Treating Vascular Malformations
Embolization and sclerotherapy performed as minimally invasive procedures
Vascular malformations are irregularly formed veins, arteries, or lymph vessels.
Sometimes the irregularity is that two vessels that shouldn’t be connected are, causing irregular blood flow, blood pooling, and potentially pain and swelling.
While vascular malformations close to the skin can often be visualized as a lump, bump, or discoloration, those that are deeper in the body can be seen with MRI imaging.
Interventional radiologists are often consulted on the use of minimally invasive image-guided procedures to treat vascular malformations.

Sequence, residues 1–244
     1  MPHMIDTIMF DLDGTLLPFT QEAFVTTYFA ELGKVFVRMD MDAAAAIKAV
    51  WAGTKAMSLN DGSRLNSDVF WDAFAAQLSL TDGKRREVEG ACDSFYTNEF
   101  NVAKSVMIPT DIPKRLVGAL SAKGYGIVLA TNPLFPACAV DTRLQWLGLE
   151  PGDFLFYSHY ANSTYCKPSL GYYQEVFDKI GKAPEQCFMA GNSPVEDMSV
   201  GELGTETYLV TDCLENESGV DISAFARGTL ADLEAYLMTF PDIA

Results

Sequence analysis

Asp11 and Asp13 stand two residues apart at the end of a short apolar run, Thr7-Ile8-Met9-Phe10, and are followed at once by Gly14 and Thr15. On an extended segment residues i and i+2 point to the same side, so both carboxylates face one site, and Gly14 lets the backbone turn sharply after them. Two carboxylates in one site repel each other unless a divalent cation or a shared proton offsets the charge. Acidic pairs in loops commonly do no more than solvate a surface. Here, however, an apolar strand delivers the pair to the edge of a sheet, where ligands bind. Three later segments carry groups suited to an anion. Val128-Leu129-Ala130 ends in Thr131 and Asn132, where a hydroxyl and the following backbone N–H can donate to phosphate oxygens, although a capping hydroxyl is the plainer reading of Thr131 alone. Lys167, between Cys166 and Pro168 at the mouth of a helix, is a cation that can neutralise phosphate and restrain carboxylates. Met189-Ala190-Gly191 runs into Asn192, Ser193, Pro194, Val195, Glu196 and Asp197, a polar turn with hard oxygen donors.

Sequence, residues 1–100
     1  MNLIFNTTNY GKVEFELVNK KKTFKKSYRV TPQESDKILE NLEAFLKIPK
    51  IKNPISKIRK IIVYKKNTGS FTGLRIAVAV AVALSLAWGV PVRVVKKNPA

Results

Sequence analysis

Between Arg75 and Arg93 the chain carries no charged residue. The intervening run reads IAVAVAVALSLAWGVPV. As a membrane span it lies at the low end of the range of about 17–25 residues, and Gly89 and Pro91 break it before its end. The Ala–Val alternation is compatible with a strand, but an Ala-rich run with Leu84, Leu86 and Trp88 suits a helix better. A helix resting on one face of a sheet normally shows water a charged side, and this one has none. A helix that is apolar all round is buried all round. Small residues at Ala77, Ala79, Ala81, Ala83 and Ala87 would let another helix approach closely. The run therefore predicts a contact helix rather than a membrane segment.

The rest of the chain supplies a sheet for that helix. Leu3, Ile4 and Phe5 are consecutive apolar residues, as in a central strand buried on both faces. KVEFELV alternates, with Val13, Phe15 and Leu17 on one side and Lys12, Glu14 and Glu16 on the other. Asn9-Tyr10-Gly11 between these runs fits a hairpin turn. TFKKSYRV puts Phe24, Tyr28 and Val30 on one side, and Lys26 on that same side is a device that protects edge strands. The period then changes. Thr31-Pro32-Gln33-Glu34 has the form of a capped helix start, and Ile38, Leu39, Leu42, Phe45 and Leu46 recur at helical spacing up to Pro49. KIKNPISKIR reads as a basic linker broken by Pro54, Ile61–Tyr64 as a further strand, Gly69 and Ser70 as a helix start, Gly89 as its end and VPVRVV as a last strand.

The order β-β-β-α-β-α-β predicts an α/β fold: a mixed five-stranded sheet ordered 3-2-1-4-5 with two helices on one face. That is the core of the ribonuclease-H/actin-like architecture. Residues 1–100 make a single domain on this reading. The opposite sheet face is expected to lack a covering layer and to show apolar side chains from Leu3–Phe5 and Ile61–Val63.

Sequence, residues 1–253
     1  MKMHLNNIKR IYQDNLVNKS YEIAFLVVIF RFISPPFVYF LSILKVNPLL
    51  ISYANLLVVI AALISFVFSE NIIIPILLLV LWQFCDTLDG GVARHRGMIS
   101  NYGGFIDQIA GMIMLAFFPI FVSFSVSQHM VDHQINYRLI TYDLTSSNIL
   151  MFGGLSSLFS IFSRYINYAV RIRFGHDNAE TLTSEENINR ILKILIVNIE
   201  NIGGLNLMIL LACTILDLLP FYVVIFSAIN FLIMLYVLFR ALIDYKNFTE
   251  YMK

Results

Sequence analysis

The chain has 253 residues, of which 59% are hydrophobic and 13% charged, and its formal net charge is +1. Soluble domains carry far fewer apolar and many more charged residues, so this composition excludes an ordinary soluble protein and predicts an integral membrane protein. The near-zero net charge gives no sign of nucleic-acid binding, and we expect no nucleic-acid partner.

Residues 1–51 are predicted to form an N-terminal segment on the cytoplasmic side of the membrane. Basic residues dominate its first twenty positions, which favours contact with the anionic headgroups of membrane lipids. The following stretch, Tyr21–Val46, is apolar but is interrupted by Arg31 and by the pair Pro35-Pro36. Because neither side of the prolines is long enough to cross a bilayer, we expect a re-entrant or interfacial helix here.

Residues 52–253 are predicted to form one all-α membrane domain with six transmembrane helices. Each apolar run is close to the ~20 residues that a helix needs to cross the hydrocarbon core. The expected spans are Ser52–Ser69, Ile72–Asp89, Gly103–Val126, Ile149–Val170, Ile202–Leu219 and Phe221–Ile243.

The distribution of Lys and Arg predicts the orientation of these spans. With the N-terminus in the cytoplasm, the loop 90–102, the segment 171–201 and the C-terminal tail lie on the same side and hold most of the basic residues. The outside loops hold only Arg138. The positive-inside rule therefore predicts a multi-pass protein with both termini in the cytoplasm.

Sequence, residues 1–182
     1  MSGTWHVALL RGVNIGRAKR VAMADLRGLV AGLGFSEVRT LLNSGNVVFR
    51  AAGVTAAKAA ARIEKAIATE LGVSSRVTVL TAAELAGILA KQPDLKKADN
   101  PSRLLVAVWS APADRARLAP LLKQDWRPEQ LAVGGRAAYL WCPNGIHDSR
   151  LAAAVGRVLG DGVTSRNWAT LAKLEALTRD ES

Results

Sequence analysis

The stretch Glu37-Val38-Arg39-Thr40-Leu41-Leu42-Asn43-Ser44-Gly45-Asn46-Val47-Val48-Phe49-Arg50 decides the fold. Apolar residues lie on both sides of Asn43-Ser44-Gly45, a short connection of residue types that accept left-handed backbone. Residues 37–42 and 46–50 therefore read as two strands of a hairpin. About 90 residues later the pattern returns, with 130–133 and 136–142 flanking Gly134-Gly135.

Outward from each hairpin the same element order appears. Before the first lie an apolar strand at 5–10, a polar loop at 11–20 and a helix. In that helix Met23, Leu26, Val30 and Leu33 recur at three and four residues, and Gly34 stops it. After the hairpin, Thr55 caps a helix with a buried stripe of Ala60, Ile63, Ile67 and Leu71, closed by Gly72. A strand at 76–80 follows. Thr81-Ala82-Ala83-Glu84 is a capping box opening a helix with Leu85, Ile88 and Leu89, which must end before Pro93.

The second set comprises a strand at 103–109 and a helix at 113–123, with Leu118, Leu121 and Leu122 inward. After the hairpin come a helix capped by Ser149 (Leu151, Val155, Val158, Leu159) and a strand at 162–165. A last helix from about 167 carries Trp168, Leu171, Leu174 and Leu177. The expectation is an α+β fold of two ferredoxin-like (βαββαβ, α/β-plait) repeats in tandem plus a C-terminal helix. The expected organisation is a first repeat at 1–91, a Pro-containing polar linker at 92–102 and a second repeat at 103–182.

The interventional radiologist may choose to embolize the vascular malformation.
To do this, a catheter is inserted into the patient’s artery and steered to the abnormality.
The physician then injects embolic agents to block blood flow through the abnormality.
Blood is re-directed around the problem site and symptoms of the vascular malformation are alleviated.
Sclerotherapy is a similar approach to embolization, as the interventional radiologist steers a catheter to the vascular malformation site.
However, rather than injecting embolic agents, a medicine is injected that causes the abnormal vessels to shrink.
As the vessel shrinks, it is ultimately closed off from blood flow and blood is re-directed around the abnormality.